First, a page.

Still more sightings came. On November 27th, on the way home from church, Connie Carpenter saw a greyish figure standing on the golf course near Mason. The creature took off and flew straight towards her car. She was one of few who actually saw the creature's face, although her description, "It was horrible", doesn't help much. Another sighting took place that same night in St. Albans, where two girls saw the creature near a junk-yard. The creature flew after them. On December 4th, five pilots at the Gallipolis, Ohio, airport saw some sort of giant bird flying at about 70 miles per hour. Its wings weren't moving, and unlike other witnesses they commented on a long neck.

Mabel McDaniel (coincidentally, mother of Linda Scarberry, one of the first witnesses) saw Mothman on January 11, 1967. Mrs. McDaniel said that at first the creature looked like "an aeroplane, then I realized it was flying much too low. It was brown and had a wingspread of at least ten feet." In March, an Ohio man claimed his car was chased by a flying creature.


The last sighting seems to have come on November 2nd, shortly after noon. Mrs. Ralph Thomas (from Bennett's sighting) heard a "squeaky fan belt" outside her home and saw a "tall grey figure" moving among the concrete domes in the TNT Area.  Scattered sightings continued for several years afterwards. In 1968, especially, a number of hairy humanoids with glowing eyes were seen on Jerrico Road. And on September 18, people in the TNT Area supposedly saw Mothman once more, putting in his last appearance, it seems. In late 1966, when the Mothman reports started to die down, other phenomena started up in the area. Several UFOs were seen near Point Pleasant, animals were mutilated in surrounding areas, and Mothman witnesses reported poltergeist and "men in black" phenomena. This has led many a researcher to speculate on a connection between Mothman and UFOs.

But no discussion of the Mothman phenomenon would be complete without recounting the story of the Silver Bridge. On the evening of December 15, 1967, the Silver Bridge, which crossed the Ohio River at Point Pleasant, collapsed in rush-hour traffic. Over forty-six cars fell into the river. It was the biggest disaster ever to hit Point Pleasant. Of course, it was only a matter of time before people began to connect this disaster with the Mothman sightings. Was Mothman some sort of warning sign of the impending disaster? Was the entire saga somehow connected with the UFOs seen in the area?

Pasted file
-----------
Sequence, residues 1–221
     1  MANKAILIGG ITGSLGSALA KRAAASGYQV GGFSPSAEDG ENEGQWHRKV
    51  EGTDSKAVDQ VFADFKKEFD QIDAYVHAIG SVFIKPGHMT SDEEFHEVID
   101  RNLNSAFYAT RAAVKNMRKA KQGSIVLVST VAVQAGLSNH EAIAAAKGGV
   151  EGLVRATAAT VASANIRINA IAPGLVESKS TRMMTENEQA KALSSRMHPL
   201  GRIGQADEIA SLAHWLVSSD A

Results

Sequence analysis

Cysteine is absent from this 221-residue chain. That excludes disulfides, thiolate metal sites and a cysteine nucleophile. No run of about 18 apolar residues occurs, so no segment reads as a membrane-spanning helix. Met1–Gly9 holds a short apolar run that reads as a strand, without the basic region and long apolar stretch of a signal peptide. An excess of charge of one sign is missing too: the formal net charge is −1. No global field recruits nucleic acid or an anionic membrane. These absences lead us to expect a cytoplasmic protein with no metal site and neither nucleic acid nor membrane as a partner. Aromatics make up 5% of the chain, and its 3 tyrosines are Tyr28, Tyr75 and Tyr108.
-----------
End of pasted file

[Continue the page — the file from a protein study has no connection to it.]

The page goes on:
New Haven farmer Ernest Adkins reported something very odd in April of 1969. He found his eleven-week-old beagle lying dead in his front yard. "There was no evidence the dog died in a fight," Adkins said. What made it strange was the fact that the dog's chest was chewed open, and its heart was lying outside. Not surprisingly, most scientists scoffed at this theory. They said it was probably just some normal kind of bird; the favoured culprit was a sandhill crane. These large birds have reddish patches on their heads (accounting for Mothman's "red eyes") and a large specimen would reach roughly the size attributed to Mothman. But other birds were found in the area that could account for the sightings. In July of 1967, several boys found a large vulture near New Haven. And at Gallipolis Ferry, a farmer shot a rare bird , an Arctic snow owl. The owl was two feet tall and had a five-foot wingspan.